On the whole, with two views under my belt, Hitman’s Wife’s Bodyguard (HWB) is certainly a Hollywood picture made for the summer. It’s got big stars doing crazy things under ridiculous circumstances. Granted, it underuses most of them in favor of putting all the shine on the three leads (Reynolds, Jackson, and Hayek) and the bulk of the film is mostly forgettable, but it is a pleasant distraction in that the cast is obviously having a great time. Plus, who doesn’t love a cinematic reuniting of Hayek and Antonio Banderas?! The thing is, though, that the whole of HWB suffers from sequelitis. It goes bigger and badder when, in the words of Bryce himself, “boring is always better.” Take Hayek’s Sonia: first presented in Hitman’s Bodyguard, she’s about as vicious a woman as can be expected for a hitman’s equally lethal spouse, but, rather than play on her skilled abilities, the majority of her character is boiled down to her age and her looks. I get that everything is up for grabs with this crew and nothing is sacred, but the jokes on Salma’s Sonia especially are focused on her looks and her supposed insanity. Two jokes. That’s it for the entire film. The same goes for Ryan’s Michael (metaphysically flaccid) and Jackson’s Darius (perpetually cruel), building a film around the notion that these are horrible people, basically ineffectual at every aspect of their lives. One of the things I love about the first film is how the foundation of the two central characters is based on a philosophically opposing view of the world: Darius kills bad guys; Michael protects everyone. There was a moral code that went with their equal skill and ability. Yet, this film removes all of the thoughtfulness, makes Darius an unrepentant jackass, and neuters Michael for the sake of what? According to the featurette “Gone Soft: The New Michael Bryce,” the idea was to explore what kind of trauma the character may be feeling in the aftermath of the first story and, in doing that, they could unhinge the follow-up. Except the two characters look nothing alike in action or word. I have zero issue with Michael feeling vulnerable after being shot for the first time, but that’s not where his issue is rooted in the film. Nor is there any mention of the love of his life that the first film wouldn’t stop focusing on. The film is described as “Three Stooges with bullets” in featurette “Ryan, Sam, Salma: One F’d Up Family,” but even the Stooges followed their own internal rules.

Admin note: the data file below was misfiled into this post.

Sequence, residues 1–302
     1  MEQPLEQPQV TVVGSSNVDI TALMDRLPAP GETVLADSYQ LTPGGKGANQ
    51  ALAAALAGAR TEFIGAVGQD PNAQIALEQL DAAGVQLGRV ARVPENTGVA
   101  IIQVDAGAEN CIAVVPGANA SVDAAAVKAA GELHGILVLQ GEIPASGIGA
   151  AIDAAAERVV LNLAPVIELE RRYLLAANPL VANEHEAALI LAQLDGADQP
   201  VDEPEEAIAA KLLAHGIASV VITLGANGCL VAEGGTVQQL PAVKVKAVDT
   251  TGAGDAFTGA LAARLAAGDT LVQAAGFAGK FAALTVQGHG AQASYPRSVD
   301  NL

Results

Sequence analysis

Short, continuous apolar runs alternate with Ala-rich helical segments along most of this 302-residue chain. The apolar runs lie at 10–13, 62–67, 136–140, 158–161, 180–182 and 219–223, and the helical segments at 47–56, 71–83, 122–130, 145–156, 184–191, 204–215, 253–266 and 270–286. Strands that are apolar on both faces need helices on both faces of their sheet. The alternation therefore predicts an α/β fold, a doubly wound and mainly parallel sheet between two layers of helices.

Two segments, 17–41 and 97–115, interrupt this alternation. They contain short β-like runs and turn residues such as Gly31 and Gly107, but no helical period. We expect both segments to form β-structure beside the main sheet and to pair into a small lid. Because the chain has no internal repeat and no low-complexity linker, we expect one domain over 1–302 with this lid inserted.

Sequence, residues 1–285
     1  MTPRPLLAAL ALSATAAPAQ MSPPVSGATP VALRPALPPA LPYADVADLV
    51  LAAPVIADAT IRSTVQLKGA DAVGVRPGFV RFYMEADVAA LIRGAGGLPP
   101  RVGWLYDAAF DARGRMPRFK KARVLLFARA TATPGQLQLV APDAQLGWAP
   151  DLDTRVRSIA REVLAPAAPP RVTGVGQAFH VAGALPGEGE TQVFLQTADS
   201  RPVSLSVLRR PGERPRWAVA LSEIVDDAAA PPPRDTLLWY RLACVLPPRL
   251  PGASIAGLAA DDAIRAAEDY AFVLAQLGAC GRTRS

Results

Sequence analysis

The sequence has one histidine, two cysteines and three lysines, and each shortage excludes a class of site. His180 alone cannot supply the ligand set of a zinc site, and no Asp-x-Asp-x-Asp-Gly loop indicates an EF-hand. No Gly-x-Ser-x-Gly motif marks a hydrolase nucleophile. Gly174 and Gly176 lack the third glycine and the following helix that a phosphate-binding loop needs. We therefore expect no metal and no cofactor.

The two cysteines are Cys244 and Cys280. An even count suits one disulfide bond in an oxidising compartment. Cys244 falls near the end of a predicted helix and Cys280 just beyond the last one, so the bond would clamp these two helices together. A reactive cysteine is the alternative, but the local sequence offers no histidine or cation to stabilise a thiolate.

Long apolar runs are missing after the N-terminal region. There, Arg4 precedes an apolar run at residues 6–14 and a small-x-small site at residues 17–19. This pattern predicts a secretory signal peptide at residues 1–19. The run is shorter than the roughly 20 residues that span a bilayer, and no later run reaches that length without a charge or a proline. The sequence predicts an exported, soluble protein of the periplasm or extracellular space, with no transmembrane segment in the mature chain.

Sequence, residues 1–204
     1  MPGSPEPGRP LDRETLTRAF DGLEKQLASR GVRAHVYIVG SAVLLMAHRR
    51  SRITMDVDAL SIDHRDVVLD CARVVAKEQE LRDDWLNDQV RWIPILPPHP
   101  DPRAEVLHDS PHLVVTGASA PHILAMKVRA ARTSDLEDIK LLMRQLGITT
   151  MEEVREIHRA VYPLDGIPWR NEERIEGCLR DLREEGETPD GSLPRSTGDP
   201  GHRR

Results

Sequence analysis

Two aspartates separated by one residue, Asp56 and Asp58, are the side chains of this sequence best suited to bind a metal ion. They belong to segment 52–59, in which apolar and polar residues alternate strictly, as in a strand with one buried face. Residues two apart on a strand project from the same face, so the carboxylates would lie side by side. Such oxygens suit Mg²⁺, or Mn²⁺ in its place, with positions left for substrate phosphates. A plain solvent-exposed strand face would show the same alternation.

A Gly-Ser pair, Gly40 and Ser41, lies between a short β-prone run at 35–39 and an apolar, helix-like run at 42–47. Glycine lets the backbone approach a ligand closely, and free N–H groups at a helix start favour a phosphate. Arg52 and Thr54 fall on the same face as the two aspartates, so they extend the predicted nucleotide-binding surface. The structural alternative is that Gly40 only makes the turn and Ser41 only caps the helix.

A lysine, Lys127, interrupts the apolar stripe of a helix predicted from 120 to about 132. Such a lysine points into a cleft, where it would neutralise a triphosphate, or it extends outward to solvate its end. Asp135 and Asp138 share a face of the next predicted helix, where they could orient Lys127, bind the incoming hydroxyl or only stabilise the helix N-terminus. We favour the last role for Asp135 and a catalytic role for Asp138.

One thing I am impressed with regarding HWB is that there are four featurettes and a gag reel on the home release, making for nearly 30 minutes of special features. In an industry that’s slowly fading these out, it’s honestly nice to get something that’s more than a four-minute highlight reel of the cast and crew. In these, you actually get some sense of what making the film was like, how the cast views their characters from one film to another, what it was like for newer cast members to work with the original group, and more. No joke, it’s refreshing to have this much material to extend the viewing experience on a new home release.
I’ll be the first to admit there’s nothing wrong with mindless entertainment. Some of my favorite films from Reynolds, Jackson, and Hayek would fit nicely into that category. Thing is, few of them are as mean-spirited as HWB is. So while there are aspects that are fun (I really do like Morgan Freeman in this; the bit with decoys near the end is darkly hilarious, and the bit on the yacht is great), a lot of the comedy just comes from belittling someone else. In criticism, one should always review the film in front of them, not the film they want the film to be. In this case, this film eschews what made the first film unique and fun for something that brings down franchises. More does not equal better. But, if you dug it, at least you’ve got some decent bonus features to extend the experience.
Hitman’s Wife’s Bodyguard Special Features:
- Ryan, Sam, Salma: One F’d Up Family (9:09)
- Gone Soft: The New Michael Bryce (7:21)
- Hitman’s Wife’s Bodyguard: #stuntlife” (7:47)
- On the Set of Hitman’s Wife’s Bodyguard (4:02)
- Gag Reel (4:40)
- Theatrical Trailers
Available on digital July 23rd, 2021
Available on 4K UHD, Blu-ray, and DVD August 17th, 2021.